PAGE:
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Farmers continue ‘long march’ from Nashik to Mumbai to seek complete loan waiver

Indian farmers-march

The farmers, who began the 180-km-long march last evening from the CBS chowk in Central Nashik, took a night halt and resumed their journey today on the Mumbai-Agra National Highway.

Nearly 25,000 farmers on Wednesday continued their “long march” from Nashik to Mumbai to press for their various demands, including a complete loan waiver.

The farmers, who began the 180-km-long march last evening from the CBS chowk in Central Nashik, took a night halt and resumed their journey today on the Mumbai-Agra National Highway.

They plan to ‘gherao’ the Maharashtra Vidhan Sabha after reaching Mumbai on March 12 for resolution of their issues, said Sunil Malusare of the All India Kisan Sabha (AIKS), which has organised the march.

The farmers have been demanding a complete waiver of loans and electricity bills, and the implementation of recommendations of the Swaminathan Commission.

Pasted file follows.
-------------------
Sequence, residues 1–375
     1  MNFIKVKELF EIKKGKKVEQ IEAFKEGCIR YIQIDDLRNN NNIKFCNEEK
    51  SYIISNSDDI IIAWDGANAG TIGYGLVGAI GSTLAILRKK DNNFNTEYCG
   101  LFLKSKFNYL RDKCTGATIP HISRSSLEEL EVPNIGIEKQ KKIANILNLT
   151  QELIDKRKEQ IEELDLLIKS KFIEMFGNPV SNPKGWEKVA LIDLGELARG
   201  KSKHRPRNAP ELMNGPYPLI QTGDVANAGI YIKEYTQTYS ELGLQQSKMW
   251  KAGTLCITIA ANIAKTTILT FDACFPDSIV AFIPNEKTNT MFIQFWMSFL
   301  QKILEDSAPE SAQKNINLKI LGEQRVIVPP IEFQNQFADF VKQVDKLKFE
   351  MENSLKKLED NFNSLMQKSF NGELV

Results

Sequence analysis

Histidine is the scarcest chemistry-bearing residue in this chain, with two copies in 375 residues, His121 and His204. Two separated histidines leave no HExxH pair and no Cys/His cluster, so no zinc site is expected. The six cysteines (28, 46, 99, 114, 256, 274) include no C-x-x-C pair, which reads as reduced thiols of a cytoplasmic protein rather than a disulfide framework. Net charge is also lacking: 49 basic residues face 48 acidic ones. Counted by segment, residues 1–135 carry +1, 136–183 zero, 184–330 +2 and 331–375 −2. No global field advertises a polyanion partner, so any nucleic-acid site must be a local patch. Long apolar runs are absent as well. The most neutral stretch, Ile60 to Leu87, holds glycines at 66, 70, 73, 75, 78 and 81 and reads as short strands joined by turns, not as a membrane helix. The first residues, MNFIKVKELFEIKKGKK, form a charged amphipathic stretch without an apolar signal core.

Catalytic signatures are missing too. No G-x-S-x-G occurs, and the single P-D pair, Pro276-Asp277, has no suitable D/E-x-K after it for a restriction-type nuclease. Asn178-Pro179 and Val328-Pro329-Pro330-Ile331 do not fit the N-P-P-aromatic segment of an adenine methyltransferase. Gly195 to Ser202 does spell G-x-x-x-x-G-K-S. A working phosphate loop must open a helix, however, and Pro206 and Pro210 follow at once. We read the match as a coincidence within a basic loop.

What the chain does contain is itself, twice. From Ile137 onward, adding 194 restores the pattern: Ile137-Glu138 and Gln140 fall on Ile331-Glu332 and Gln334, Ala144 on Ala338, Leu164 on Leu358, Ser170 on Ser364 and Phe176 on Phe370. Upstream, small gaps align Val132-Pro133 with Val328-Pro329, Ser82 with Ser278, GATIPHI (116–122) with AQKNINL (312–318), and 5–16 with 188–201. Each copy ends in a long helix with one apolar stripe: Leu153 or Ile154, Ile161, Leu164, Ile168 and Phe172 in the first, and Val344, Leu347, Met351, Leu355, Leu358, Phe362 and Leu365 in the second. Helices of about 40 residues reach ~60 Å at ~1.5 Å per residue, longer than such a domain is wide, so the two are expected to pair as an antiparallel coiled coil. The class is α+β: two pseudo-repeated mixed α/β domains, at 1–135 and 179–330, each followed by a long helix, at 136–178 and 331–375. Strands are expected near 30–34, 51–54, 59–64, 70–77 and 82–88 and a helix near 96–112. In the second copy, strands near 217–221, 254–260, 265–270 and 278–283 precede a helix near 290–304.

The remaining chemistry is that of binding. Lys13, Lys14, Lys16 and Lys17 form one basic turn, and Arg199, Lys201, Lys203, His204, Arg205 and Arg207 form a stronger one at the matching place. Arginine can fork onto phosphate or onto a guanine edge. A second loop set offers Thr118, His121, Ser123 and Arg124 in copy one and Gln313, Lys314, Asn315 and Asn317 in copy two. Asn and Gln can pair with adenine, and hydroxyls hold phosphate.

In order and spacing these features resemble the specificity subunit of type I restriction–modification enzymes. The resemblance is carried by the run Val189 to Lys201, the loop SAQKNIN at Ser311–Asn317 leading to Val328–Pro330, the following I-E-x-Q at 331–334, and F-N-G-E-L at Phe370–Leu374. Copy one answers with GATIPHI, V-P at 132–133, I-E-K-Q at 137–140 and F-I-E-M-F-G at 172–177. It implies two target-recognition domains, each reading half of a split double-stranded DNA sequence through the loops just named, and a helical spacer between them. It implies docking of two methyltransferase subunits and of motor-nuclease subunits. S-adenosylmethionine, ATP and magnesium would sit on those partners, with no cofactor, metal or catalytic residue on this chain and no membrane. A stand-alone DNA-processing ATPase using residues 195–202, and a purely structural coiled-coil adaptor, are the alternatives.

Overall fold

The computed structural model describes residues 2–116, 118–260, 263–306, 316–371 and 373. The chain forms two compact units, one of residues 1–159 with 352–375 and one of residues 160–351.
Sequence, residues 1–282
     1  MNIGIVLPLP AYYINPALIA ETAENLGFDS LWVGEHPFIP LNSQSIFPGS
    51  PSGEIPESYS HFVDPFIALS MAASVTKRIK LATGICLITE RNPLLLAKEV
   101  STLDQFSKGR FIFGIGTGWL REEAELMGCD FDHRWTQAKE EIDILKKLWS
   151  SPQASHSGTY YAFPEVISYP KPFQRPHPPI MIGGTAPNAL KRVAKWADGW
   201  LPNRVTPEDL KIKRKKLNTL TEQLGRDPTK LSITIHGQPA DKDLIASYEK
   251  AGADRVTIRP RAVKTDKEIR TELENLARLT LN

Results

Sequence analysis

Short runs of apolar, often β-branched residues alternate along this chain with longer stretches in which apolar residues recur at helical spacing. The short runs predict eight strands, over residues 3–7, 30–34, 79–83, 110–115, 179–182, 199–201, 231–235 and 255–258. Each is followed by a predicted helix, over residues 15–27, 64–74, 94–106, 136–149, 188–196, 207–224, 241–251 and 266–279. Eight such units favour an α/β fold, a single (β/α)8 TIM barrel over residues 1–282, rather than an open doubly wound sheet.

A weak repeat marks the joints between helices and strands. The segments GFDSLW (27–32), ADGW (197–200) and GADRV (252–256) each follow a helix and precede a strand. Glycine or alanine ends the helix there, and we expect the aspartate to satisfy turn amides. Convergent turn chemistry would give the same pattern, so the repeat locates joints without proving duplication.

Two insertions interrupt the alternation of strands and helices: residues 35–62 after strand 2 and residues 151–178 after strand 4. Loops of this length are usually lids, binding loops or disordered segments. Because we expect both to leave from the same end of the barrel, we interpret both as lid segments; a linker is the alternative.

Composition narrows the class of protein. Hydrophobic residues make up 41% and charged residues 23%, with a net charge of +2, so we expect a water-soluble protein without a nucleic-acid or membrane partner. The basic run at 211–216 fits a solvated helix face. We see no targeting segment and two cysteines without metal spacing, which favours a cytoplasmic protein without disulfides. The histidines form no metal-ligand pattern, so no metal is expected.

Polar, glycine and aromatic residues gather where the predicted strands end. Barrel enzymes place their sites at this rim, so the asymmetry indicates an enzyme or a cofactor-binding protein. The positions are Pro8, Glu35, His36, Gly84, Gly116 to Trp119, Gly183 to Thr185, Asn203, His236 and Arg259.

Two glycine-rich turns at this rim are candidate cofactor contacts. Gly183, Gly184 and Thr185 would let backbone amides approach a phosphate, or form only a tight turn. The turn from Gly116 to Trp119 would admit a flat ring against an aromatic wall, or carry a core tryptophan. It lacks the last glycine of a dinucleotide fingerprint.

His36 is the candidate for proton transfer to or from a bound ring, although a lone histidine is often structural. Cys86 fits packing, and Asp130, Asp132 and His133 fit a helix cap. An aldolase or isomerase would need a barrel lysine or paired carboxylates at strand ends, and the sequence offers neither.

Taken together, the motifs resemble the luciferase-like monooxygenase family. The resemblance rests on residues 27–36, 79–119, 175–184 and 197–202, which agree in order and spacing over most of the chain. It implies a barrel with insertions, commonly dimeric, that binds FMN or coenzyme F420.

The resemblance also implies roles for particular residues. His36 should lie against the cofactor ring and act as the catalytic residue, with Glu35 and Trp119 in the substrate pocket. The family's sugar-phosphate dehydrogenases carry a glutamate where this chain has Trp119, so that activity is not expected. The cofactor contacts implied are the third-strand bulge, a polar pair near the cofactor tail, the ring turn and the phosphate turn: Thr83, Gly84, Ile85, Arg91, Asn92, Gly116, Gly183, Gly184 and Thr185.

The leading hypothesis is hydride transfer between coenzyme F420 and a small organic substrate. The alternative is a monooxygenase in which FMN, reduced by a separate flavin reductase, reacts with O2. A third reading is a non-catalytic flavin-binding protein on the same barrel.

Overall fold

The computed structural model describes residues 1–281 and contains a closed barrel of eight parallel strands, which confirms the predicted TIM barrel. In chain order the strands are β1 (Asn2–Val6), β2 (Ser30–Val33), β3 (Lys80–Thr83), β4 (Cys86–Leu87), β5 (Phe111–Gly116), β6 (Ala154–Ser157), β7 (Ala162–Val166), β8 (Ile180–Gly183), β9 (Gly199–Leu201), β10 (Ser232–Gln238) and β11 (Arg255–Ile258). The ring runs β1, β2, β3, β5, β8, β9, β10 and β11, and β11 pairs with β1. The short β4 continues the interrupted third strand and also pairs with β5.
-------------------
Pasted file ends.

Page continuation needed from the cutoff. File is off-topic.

“We also want the state government to refrain from forceful acquisition of farm lands in the name of development projects like the super highway and the bullet train,” AIKS secretary Raju Desle earlier said.

He accused the Centre and the state government of adopting “anti-farmer” policies.

Notably, the government had announced the loan waiver last year following unprecedented protests by farmers in various parts of the state.

Desle claimed that as many as 1,753 farmers have killed themselves since June last year when the BJP-led state government announced a conditional farm loan waiver of Rs 34,000 crore.

AIKS national president Ashok Dhavle, local MLA J P Gavit and other leaders were leading the long march.

Dhavle earlier alleged that the BJP government had betrayed the farmers by not honouring the assurances given to them.

“We will demand a complete change in the river linking scheme proposed to be implemented in Nashik, Thane and Palghar, so as to ensure that tribal villages are not submerged and water is made available to these districts and other drought-prone areas,” he said.

Farmers are also demanding the transfer of forest land to those who have been tilling it for years and an increase in the compensation for peasants whose crops were damaged in the recent hailstorms and pink bollworm infestation.

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